In 2002, the TA-CD vaccine was given to several subjects from a residential treatment program. Three doses were given three separate times at the rate of one dose per month. Anti-cocaine antibodies peaked after the third dose and were present for a year. One 2005 study involved cocaine-dependent patients from an outpatient treatment center receiving both a lower and higher dose of the vaccine. Those who took the higher dose had higher levels of antibodies and had fewer positive results when their urine was tested for cocaine use — the high-dose group also experienced fewer psychoactive effects upon using cocaine.
A more recent placebo controlled study in 2009 consisted of 115 subjects from a methadone maintenance program that also suffered from issues with cocaine abuse. Results from this study show that the vaccine helped the treated group reduce their cocaine use faster than the placebo group, and that those who took high doses of the vaccine felt greatly reduced psychoactive effects even after taking high quantities of cocaine.
Findings from other recent studies also support the trend that people who receive high doses of the vaccine produce more antibodies than either the low dose or placebo groups, and that those with higher levels of antibodies experience fewer euphoric effects of the drug. None of the subjects from any of these clinical trials had any serious adverse side effects from the vaccine.
Treatment for cocaine abuse using the anti-cocaine vaccine
The anti-cocaine vaccine is currently in the clinical trial stage of its development and will go through more changes as it evolves. Assuming that a safe and effective version of this vaccine is produced, it is likely that treatment will consist of several initial injections followed by booster shots every few months over the course of several years depending on the severity of the individual’s addiction and other factors.
As with all treatment processes, medication and pharmacology is not sufficient. Alongside the anti-cocaine vaccine, a medical expert would likely recommend behavioral therapy and other kinds of psychotherapy, as well as support groups and continued communication with a healthcare provider through outpatient treatment.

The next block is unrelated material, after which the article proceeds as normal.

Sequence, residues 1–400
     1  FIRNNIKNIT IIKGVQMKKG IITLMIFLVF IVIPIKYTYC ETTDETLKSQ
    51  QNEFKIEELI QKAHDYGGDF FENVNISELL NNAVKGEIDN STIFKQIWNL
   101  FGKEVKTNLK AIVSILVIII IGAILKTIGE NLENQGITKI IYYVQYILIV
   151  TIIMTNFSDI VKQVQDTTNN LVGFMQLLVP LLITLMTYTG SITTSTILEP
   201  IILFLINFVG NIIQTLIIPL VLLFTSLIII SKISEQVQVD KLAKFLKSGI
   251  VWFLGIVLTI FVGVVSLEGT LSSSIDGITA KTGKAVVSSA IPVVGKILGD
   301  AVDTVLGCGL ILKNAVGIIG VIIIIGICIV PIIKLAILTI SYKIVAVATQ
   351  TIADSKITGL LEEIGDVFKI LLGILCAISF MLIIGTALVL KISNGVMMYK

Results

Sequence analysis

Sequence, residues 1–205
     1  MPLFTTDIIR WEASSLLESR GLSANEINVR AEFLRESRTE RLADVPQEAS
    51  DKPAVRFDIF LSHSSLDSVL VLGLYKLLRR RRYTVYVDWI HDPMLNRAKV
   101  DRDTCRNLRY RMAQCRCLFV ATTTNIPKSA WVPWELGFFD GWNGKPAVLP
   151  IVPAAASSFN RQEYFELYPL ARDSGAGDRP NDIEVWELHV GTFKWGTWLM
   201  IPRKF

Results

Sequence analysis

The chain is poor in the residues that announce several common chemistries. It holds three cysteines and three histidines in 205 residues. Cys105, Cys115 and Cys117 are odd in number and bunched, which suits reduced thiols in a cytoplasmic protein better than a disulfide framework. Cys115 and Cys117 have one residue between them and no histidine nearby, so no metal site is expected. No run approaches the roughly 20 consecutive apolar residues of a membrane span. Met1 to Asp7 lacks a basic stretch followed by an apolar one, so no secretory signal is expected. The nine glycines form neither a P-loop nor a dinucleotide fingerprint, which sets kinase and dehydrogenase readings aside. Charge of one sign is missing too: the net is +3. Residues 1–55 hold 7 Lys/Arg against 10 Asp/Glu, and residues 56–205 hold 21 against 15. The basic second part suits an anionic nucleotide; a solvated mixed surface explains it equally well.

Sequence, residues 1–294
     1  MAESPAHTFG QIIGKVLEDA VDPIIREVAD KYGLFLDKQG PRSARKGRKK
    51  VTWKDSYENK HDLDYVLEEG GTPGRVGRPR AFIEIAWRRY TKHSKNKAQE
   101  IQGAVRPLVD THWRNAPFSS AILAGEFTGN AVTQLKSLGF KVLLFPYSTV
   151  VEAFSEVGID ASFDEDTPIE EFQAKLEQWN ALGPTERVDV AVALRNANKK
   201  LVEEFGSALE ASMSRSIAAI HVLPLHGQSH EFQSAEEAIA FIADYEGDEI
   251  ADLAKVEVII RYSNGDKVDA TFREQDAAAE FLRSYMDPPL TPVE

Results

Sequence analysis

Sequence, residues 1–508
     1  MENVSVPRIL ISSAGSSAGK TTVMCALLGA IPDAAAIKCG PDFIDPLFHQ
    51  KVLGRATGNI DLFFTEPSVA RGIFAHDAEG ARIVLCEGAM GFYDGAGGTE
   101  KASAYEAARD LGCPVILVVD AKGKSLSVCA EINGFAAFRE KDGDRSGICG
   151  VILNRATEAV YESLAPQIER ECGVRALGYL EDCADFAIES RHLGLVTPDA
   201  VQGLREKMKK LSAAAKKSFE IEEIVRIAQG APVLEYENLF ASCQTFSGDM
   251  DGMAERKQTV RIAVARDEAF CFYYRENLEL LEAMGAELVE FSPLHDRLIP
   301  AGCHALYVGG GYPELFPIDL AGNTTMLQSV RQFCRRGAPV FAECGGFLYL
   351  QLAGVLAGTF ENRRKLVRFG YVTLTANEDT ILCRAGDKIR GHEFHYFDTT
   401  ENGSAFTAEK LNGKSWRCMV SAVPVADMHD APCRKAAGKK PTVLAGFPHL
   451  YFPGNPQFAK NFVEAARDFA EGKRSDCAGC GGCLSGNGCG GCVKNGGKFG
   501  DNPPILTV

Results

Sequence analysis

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Frequently asked questions
What is an anti-cocaine vaccine and how does it work?
Much like other anti-drug vaccines, an anti-cocaine substance abuse vaccine is made to help drug addicts and abusers quit cocaine. It is meant to help users get over drug cravings by preventing the enjoyable psychoactive effects of the drug. The vaccine works by promoting the production of antibodies when small molecules called haptens are attached to a protein and released in the bloodstream, which causes an immune response. These antibodies then bind to the drug molecules and make them too large to pass through the blood-brain barrier.
What do clinical trials show?
Even earlier studies show promise, suggesting that high enough doses of the vaccine produce enough antibodies to prevent the euphoric effects of cocaine. More recent placebo controlled studies suggest that the vaccines helped the test group reduce their cocaine use more quickly than the placebo group and that the individuals that produced enough antibodies felt fewer or almost no psychoactive effects even when they took high doses of cocaine.
What would addiction treatment look like using the anti-cocaine vaccine?
If an anti-cocaine vaccine becomes mainstream in the future, it would likely require booster shots over the course of several months and cocaine abusers would stay on the vaccine for several years in order to break the psychological addiction. Medical experts would suggest other therapies during the treatment process, including behavioral and group therapy.
Published on May 24, 2021
Dr Vorobjev Clinic team